Matcha contains high levels of antioxidants, particularly catechins, which can help protect the body from damage caused by free radicals. It also contains the amino acid L-theanine, which can promote relaxation and reduce stress. This unique combination of caffeine and L-theanine can create a sustained sense of alertness and focus without the jitters or crash that can come with drinking coffee.

Coffee can also have health benefits, including increased energy, improved focus, and a reduced risk of certain diseases such as type 2 diabetes, liver disease, and Parkinson's disease. However, it can also cause anxiety, jitters, and insomnia in some people, especially if consumed in large quantities or later in the day.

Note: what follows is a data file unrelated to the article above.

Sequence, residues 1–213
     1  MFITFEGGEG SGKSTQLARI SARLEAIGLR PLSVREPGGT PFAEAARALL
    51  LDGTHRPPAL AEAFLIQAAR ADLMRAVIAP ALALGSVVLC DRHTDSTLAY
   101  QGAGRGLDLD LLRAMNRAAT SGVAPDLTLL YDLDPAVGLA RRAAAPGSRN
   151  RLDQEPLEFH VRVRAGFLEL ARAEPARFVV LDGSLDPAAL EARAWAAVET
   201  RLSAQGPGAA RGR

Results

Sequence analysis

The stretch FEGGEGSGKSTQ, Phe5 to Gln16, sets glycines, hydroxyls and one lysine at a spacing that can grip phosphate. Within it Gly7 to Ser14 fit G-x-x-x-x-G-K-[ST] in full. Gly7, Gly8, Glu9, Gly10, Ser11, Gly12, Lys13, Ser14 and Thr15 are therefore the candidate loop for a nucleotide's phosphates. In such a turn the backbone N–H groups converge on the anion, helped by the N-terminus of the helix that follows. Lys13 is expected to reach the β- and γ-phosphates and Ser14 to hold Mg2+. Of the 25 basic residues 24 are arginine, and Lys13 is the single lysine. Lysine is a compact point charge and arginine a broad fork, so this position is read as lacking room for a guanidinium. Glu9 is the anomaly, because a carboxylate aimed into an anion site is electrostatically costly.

Ultimately, whether you choose matcha or coffee will depend on your personal preferences and needs. If you're looking for a sustained sense of focus and relaxation, matcha may be a better choice. If you prefer the taste of coffee or need a quick burst of energy, coffee may be a better fit. It's also important to consider the environmental impact of your beverage choices and choose high-quality, sustainably sourced products.

If you're interested in trying matcha for the first time or upgrading to a higher-quality product, we recommend Bonsai Cha. Their matcha is sustainably sourced, organic and comes in a range of options to suit your preferences. Give it a try and see how it compares to your favorite cup of coffee!

Are Matcha and Coffee Good Together?

Some people may ask, can I drink matcha and coffee together? Or do matcha and coffee taste good together? If you're a fan of both matcha and coffee, you may be wondering whether the two can be combined for a unique flavor experience. The answer is yes – matcha and coffee taste good together and can make a great pairing if done right.